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(Instructor: Vinay Singh, Email: , Mo: 08108304735)


 SELCAL is an acronym for Selective Calling.
 SELCAL is a selective-calling radio system that can alert an aircraft's crew that a ground
radio station wishes to communicate with the aircraft.
 SELCAL uses a ground-based encoder and radio transmitter to broadcast an audio signal
that is picked up by a decoder and radio receiver on an aircraft.
 The use of SELCAL allows an aircraft crew to be notified of incoming communications even
when the aircraft's radio has been muted. Thus, crewmembers need not devote their
attention to continuous radio listening.
 They have been in use on most long range aircraft since 1970 and are still in use today.
 SELCAL operates on HF & VHF. In India it operates only on HF.
 An individual aircraft has its own SELCAL code.


SELCAL Encoder SELCAL placard in the cockpit

 To initiate a SELCAL transmission, a ground station radio operator enters an aircraft's
SELCAL code into a SELCAL encoder. The encoder converts the four-letter code into four
designated audio tones. The radio operator's transmitter then broadcasts the audio tones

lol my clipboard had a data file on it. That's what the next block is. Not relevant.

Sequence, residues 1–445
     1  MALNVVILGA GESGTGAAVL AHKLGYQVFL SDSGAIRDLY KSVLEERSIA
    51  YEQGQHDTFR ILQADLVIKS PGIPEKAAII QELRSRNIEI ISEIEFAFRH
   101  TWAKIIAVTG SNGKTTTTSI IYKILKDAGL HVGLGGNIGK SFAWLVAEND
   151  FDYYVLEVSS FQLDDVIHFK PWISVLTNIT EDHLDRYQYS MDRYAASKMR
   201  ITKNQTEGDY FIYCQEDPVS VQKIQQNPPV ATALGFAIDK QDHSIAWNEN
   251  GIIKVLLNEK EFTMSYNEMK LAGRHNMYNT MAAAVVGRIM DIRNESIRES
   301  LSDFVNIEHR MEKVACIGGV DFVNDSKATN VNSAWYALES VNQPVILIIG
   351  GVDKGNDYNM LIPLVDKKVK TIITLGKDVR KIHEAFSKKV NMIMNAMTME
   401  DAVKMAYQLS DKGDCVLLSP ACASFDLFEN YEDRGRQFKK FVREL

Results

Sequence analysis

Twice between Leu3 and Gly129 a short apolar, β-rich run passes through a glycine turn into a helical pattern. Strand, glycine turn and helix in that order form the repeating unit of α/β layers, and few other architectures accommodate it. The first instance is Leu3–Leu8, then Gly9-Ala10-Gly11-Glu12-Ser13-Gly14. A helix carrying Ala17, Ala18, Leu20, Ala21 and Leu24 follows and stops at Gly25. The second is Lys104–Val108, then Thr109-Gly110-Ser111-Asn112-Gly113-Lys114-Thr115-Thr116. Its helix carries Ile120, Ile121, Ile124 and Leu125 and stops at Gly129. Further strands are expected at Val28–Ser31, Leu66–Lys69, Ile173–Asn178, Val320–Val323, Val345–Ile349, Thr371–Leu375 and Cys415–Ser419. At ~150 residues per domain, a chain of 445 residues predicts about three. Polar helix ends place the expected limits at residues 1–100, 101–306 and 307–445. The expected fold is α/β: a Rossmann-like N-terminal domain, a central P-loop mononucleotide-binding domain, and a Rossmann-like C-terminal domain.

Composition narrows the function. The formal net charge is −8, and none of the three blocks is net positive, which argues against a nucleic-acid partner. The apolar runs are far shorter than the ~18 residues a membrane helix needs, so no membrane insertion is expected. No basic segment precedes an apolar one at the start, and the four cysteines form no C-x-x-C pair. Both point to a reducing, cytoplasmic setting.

on the aircraft's company radio frequency channel in sequence: the first pair of tones are
transmitted simultaneously, lasting about one second; a silence of about 0.2 seconds;
followed by the second pair of tones, lasting about one second
 The code is received by any aircraft receiver monitoring the radio frequency on which the
SELCAL code is broadcast. A SELCAL decoder is connected to each aircraft's radio
receiver. When a SELCAL decoder on an aircraft receives a signal containing its own
assigned SELCAL code, it alerts the aircraft's crew by sounding a chime, activating a light,
or both.
 The crew will then set their volume control higher to listen to the voice traffic and, using
ICAO recommended radio procedures, assure that the message is intended for them.

Other Useful Information:

 The code is technically assigned to the owner-operator of the aircraft rather than the
aircraft itself; if an aircraft is sold, the new owners-operators must apply for a new code
to SELCAL code registrar, Aviation Spectrum Resources, Inc. (ASRI).
 There is a critical shortage of possible 4-letter codes, which has required re-use of the
same code by more than one aircraft. Duplicate codes are usually assigned to aircraft
operated in widely separated areas of the world, and usually do not have the same HF
radio frequency assignment. However, there are occasions when two or more aircraft
having the same code may be operating in the same general area, and will respond to the
same transmission. Therefore, SELCAL should not be used as a substitute for proper
voice identification procedures.
 The letters are chosen from a subset of the Latin script comprising A to S,
excluding I, N and O. The code is a sequence of four letters, written or transmitted as an
ordered two sets of two letters each (e.g., AB-CD).
 A given letter can be used only once in a SELCAL code; letters may not be repeated
(e.g., AB-CD is allowable, but AA-BC and AB-BC are not).
 Each letter designates a specific audio tone frequency. E.g: A-312.6Hz, B-346.7Hz,